5 Manchester City Players Who Don't Deserve Their Wages
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To be perfectly honest with you, dear reader, not every piece you see here sails effortlessly from my mind to my keyboard to your eyes. Sometimes the inspiration is lacking; sometimes the material will not cooperate.
But then sometimes, like now, the piece basically writes itself.
The challenge here was not finding five Sky Blues who disgraced the shirt and pocketed ludicrous sums in doing so.
The challenge here was choosing the worst five offenders out of the den of thieves.
5. Scott Sinclair
Fancy a drink or some popcorn, Scott?
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And Sinclair did not make out too badly himself, reportedly quadrupling his £10,000 weekly wages at Swansea by donning the sky blue.
What did Manchester City buy with all those notes?
Not one goal in 11 appearances. Only four shots.
The easy retort is "well, Roberto Mancini did not give him a chance."
Did you watch Manchester City this season? Did you notice that they were having trouble scoring goals?
If Mancini thought Sinclair could help, don't you think he would have used him more?
4. Jack Rodwell
Jack Rodwell banked huge checks to alternately sit and convalesce this season.
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On seeing Jack Rodwell here, the first thought might be "gee, compared to Rodwell, Sinclair was a huge bargain!"
Rodwell cost City (reportedly) a staggering £15 million from Everton. He may not have received a raise for his trouble (as Sinclair did), but then he was already getting £40,000 per week, per the Telegraph.
Roberto Mancini and the Etihad braintrust doubtlessly saw Rodwell as a youthful upgrade at midfield who would free Yaya Toure and David Silva to weave spells upfield.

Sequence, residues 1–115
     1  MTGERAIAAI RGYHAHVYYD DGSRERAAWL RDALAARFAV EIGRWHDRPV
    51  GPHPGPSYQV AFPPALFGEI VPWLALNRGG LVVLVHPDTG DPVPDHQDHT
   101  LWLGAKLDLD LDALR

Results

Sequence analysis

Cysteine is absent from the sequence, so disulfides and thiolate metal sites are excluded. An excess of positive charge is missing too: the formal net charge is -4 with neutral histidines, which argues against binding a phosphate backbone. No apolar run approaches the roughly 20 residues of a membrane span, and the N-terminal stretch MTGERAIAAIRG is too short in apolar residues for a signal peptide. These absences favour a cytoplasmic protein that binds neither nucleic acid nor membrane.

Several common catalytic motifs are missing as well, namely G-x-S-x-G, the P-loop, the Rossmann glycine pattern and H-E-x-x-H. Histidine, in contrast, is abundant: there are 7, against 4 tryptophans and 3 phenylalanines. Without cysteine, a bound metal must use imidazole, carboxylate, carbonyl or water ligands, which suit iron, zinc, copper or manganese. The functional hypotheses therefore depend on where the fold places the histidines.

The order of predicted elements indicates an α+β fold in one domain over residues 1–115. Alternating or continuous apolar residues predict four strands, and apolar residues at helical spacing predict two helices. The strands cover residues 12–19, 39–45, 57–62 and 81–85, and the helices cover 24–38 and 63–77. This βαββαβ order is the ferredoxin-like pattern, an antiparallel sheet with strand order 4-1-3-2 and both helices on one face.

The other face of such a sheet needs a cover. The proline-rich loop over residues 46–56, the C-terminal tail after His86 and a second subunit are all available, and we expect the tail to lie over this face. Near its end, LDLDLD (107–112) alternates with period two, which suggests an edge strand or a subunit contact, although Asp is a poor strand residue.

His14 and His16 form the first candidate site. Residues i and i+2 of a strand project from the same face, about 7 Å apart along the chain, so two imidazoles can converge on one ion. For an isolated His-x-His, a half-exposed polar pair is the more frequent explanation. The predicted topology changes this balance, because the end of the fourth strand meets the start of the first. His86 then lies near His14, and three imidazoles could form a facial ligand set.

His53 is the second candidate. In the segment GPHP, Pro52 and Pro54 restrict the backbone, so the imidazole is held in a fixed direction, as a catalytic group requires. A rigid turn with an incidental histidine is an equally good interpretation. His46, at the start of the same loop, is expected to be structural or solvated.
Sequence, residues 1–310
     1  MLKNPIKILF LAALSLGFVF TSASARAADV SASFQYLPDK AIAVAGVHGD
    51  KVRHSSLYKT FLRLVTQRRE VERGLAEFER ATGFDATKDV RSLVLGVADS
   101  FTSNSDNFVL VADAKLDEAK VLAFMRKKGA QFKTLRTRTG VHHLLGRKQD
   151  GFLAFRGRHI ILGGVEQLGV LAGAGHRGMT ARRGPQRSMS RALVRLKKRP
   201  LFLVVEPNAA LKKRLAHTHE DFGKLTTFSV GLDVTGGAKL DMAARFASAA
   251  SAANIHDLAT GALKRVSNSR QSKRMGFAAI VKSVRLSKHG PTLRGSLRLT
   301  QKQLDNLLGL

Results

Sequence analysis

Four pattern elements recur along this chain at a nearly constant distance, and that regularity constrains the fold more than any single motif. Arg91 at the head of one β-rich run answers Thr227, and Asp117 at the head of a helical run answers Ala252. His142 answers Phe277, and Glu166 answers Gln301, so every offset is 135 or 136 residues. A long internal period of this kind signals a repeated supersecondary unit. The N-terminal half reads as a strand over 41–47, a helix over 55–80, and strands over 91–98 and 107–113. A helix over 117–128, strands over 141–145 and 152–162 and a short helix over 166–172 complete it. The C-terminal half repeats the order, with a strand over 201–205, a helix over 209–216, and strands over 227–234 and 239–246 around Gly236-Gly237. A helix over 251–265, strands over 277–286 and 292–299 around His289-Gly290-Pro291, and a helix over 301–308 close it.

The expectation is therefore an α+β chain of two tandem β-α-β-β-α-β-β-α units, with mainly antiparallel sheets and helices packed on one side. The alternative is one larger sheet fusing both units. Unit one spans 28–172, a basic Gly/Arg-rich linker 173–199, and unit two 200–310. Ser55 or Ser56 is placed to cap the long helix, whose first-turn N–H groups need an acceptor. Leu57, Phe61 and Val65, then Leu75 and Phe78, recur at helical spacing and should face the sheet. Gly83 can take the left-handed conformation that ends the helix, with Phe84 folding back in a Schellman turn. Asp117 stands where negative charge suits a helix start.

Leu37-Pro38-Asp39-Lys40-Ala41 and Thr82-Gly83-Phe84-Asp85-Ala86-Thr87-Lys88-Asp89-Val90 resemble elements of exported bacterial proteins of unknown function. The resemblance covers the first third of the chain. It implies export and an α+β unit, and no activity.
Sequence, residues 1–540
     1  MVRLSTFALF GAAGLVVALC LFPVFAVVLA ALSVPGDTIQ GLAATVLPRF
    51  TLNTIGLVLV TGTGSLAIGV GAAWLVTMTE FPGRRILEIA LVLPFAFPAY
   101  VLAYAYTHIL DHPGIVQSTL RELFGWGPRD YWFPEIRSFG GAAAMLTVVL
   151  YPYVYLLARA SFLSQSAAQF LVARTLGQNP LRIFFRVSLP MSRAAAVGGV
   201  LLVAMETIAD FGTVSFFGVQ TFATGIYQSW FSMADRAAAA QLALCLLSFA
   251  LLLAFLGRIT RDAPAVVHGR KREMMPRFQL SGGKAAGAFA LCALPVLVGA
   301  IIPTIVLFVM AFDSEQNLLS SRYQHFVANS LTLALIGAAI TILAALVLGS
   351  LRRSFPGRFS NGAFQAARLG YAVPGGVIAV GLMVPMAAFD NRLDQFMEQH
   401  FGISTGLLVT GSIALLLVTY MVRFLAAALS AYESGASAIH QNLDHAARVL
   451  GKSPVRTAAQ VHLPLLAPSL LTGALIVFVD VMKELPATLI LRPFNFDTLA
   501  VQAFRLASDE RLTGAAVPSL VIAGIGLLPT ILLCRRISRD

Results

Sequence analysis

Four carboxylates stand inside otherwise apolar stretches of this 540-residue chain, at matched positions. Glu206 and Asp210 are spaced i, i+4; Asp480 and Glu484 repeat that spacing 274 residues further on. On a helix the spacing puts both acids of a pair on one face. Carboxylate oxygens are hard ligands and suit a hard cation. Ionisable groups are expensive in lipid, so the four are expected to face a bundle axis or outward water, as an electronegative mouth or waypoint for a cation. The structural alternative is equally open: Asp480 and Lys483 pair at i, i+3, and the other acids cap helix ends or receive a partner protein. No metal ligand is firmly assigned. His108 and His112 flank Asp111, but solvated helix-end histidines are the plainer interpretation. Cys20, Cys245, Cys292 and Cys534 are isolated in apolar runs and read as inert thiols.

What they got, though, was a show pony whose legs would never let him trot.
Eight appearances, six shots, no goals and huge questions about his future are all City got for that barge full of cash.
3. Joleon Lescott
Sadly for Lescott, these cameo appearances are all he seems to make any more.
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Then Lescott got caught out of position on the biggest stage against Ajax Amsterdam, lost his position, and ultimately disappeared to the bench—when Mancini permitted him to dress at all.
To be fair, it is not entirely clear whether Lescott is actually a shot player or just a guy who is the fifth-best defender on a team that starts four great defenders.
For this season, though, Lescott was paid generational money to start four Premier League matches. That is absurd and embarrassing to both the player and the club.
2. Javi Garcia
"Carlos...I used to be good...what happened to me?"
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Javi Garcia should probably buy Matija Nastasic a Rolex or a Tesla. Because the emergence of Nastasic kept City's haul from last summer's transfer window from being a complete washout, and Garcia was supposed to be City's best acquisition.
Garcia cost City a reported £16 million paid to Benfica. The rangy midfielder was supposed to be a poor man's Yaya Toure.
Instead, Garcia ended up being a poor man's Paul Scholes—the 38-year-old version.
Garcia was variously injured and ineffective. On occasion, Mancini tried to wring some value out of Garcia by hiding him on the back line. Injuries or no, if Garcia had been dominating at midfield, Mancini would have left him there.
Whatever City paid Garcia in 2012-13 was too much, and efforts must already be underway to either sell him off or figure out how to get some real use out of him next season.
1. Samir Nasri
Nasri's entire tenure at Manchester City has resembled a firework that never takes off.
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After the shift Nasri put in this season, City seem poised to take anything offered to close the book on the Frenchman's tenure at the Etihad.
Nasri has two Premier League goals this season. So does Ryan Giggs, which is amazing considering that Giggs is 106 years old.
When the manager wants to punch you and tells the media as much, there is little ambiguity about how he feels.
Considering Nasri's reported £150,000 per week in wages, though, Mancini was probably afraid of a "you break it, you bought it" sort of rule being enforced against him if he biffed the little Frenchman for his insouciance.
For his part, Nasri had already established his own concern for his delicate self, submitting one of the most shameful punk-outs in a defensive wall ever seen.
That it happened on his home pitch against Manchester United, with the league results still very much in doubt, probably makes that moment his legacy at the Etihad.